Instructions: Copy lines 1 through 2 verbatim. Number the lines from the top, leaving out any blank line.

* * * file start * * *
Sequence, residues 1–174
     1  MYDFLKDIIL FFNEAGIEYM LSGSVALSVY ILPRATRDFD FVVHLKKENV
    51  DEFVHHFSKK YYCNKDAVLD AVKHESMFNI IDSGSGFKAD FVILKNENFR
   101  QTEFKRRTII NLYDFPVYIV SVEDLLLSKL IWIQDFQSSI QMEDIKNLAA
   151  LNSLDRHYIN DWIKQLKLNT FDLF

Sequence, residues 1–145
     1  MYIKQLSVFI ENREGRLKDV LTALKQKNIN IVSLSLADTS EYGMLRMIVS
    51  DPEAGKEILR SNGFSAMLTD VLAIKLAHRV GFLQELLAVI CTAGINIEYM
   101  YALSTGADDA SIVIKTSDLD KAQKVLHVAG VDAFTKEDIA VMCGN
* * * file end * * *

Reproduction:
Sequence, residues 1–174
     1  MYDFLKDIIL FFNEAGIEYM LSGSVALSVY ILPRATRDFD FVVHLKKENV